Determining what is the countable income as measured by the Veterans Administration is very confusing to many individuals in. An attorney skilled in elder law can provide a veteran and the veteran’s family with appropriate pre-filing consultations to determine the appropriate steps that must be taken to be able to determine if it would be right to apply for this VA benefit.  Please contact our firm, The Estate Planning & Asset Protection Law Center of Dennis Sullivan & Associates, for a more information or for asset protection analysis.  You can call us at (781) 237-2815.  The professionals at the firm are experienced helping counsel people and their families in the area of elder law services for senior citizens, including estate planning, disability, Medicaid planning, and veterans’ benefits related to long-term care needs.

For more information, you can gain free online access to the “Senior and Boomers Guide to Health Care Reform & Avoiding Nursing Home Poverty” which contains secret benefits on health care reform and avoiding nursing home poverty. To Learn even more register to attend one of our free educational workshops hosted by a team of professionals and VA accreditted attorneys.

  VA benefits, assets, VA, veterans benefits

Tags: veterans benefits, VA benefits, assets, VA

Key to Unlocking VA Benefits | Massachusetts VA Benefits Attorney

Posted by Massachusetts Estate Planning & Elder Law Attorney, Dennis B. Sullivan, Esq., CPA, LLM on Fri, Sep 07, 2012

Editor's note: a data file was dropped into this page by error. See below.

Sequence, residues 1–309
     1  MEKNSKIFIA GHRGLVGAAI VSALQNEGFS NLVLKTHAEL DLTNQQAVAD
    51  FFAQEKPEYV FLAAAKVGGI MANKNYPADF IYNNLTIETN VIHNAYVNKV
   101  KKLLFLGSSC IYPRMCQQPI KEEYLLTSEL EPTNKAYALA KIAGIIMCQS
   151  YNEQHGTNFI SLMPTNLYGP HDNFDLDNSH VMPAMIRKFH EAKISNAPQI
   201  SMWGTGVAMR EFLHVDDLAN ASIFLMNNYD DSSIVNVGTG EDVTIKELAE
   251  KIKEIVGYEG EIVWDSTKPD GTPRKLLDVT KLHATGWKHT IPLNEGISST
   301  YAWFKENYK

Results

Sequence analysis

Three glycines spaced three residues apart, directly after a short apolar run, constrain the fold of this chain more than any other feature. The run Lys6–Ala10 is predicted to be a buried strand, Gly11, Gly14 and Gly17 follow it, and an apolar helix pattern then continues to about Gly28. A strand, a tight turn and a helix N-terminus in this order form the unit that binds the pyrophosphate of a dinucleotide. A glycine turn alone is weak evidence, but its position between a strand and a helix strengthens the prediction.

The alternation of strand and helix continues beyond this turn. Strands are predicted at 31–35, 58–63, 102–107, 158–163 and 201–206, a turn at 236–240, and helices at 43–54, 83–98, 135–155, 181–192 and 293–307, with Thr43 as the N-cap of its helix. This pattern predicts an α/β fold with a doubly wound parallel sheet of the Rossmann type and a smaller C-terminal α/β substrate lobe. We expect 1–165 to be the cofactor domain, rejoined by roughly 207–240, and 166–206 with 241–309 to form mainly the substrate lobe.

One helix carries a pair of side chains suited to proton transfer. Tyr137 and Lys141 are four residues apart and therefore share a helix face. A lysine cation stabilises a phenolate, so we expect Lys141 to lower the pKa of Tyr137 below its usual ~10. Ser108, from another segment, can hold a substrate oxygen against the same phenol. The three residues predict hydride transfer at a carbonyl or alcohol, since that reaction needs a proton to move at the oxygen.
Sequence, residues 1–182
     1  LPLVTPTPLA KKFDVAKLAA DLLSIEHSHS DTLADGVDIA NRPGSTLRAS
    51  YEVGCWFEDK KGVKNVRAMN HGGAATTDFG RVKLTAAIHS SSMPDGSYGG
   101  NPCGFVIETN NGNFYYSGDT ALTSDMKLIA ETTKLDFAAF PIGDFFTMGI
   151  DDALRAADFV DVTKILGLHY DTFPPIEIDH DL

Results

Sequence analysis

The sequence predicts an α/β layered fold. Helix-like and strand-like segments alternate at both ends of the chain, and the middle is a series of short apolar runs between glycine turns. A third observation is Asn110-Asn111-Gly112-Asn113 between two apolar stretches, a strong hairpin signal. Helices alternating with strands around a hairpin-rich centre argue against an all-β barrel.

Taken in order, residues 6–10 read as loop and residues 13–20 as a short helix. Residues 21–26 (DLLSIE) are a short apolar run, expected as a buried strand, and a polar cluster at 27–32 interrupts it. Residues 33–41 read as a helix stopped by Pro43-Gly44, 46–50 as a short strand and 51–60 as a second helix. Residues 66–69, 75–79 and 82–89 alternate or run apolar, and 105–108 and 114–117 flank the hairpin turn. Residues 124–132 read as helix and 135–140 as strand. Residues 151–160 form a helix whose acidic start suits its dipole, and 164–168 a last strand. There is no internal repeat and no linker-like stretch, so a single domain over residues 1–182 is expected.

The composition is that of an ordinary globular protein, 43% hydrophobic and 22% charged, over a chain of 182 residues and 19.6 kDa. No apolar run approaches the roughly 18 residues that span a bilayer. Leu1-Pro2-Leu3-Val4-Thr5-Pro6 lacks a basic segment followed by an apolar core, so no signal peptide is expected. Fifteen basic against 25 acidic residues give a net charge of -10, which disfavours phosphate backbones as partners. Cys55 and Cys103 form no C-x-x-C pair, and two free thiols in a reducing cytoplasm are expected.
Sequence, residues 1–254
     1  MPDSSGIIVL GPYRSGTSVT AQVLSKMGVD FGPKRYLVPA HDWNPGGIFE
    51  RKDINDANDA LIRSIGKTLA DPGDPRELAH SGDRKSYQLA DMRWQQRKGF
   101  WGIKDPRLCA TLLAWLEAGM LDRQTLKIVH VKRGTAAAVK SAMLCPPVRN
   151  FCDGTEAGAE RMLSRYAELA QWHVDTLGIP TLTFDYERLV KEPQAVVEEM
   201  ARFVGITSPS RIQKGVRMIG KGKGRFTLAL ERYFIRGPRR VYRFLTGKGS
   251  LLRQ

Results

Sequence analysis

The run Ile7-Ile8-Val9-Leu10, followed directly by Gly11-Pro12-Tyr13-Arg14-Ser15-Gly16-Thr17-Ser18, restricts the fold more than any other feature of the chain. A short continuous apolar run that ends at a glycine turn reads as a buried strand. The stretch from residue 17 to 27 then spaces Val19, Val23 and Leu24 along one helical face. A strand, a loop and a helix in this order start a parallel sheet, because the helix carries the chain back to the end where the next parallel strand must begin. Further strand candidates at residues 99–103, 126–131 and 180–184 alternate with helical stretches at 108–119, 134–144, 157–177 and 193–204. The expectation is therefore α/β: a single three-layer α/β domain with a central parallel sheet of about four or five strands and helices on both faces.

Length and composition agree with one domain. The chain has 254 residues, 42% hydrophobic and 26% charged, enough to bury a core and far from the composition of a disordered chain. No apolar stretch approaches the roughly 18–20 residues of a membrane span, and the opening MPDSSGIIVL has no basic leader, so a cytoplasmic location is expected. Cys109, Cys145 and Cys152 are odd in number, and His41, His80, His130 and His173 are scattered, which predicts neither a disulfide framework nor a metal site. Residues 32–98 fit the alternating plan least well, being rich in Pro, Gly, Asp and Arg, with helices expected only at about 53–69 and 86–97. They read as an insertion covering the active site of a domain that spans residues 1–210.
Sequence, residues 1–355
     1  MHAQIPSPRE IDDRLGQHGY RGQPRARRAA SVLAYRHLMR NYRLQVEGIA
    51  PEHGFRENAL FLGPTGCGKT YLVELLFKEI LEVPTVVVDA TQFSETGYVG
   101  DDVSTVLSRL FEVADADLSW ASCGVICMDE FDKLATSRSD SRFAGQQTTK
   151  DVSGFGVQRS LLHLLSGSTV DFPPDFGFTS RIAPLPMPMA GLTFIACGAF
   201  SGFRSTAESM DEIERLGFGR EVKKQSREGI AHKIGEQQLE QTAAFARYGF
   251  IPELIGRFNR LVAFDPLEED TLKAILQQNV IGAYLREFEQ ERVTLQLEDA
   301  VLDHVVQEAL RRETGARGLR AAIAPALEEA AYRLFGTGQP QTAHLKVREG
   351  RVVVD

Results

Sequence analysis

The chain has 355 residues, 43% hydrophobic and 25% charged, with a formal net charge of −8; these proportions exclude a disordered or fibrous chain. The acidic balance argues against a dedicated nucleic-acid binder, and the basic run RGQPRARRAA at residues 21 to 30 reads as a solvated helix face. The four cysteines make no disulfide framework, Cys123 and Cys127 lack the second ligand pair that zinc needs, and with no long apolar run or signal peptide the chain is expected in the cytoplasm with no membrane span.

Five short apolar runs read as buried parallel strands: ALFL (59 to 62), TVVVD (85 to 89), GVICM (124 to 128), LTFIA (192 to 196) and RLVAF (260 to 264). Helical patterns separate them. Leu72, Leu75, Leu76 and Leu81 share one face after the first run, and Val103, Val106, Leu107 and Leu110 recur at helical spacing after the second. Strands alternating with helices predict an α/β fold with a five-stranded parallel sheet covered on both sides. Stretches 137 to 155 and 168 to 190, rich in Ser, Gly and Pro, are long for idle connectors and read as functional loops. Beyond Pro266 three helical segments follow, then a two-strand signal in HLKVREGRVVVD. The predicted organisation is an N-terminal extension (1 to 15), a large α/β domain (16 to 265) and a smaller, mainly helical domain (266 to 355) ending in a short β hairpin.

Today you're going to learn what the VA considers "Unreimbursed Medical Expenses" - that is, what you and your loved one are paying out of your pockets - also referred to as "UME." This is a key factor to help you determine if a veteran may qualify for a pension! The formula the VA uses to calculate your real income is below:

Wartime Veteran & Spouse (if any) Gross household annual income

Minus: Unreimbursed medical expenses (UME) - for one year

Equals: Net income for Veterans Benefits purposes

VA benefits

Now, what qualifies as Unreimbursed Medical Expenses? Well, first of all, your household annual income includes anything the veteran earns, as well as his/her spouse or dependents. From that number, you would subtract UME's - which include doctors' and dentists' fees, Medicare premiums and copayments, insurance premiums, transportation to the doctor's office, and the cost of assisted living facilities or in-home caretakers. But there's much more - take a look below to see everything that qualifies!

Listing of Possible Medical Expenses: (this is only a partial list)

-Medicare premiums deducted from Social Security

-Supplementary medical insurance (Part B) under Medicare

-Abdominal supports

-Acupuncture service

-Ambulance hire

-Anesthetist

-Arch supports

-Artificial limbs

-Back supports

-Braces

-Cardiographs

-Chiropodist

-Chiropractor

-Convalescent home (for medical treatment only)

-Crutches

-Dental services

-Dentures

-Dermatologist

-Eyeglasses

-Food or beverages prescribed by doctor for treatment of illness

-Gynecologist

-Hearing aids & batteries

-Home health services

-Hospital expenses

-Insulin treatment

-Insurance premiums (medical)

-Invalid chair

-Lab tests

-Lip reading lessons (in connection with disability)

-Neurologist

-Nursing services

-Occupational therapist

-Ophthalmologist

-Optician

-Optometrist

-Oral surgery

-Osteopath

-Pediatrician

-Physical examinations

-Physician

-Physical therapy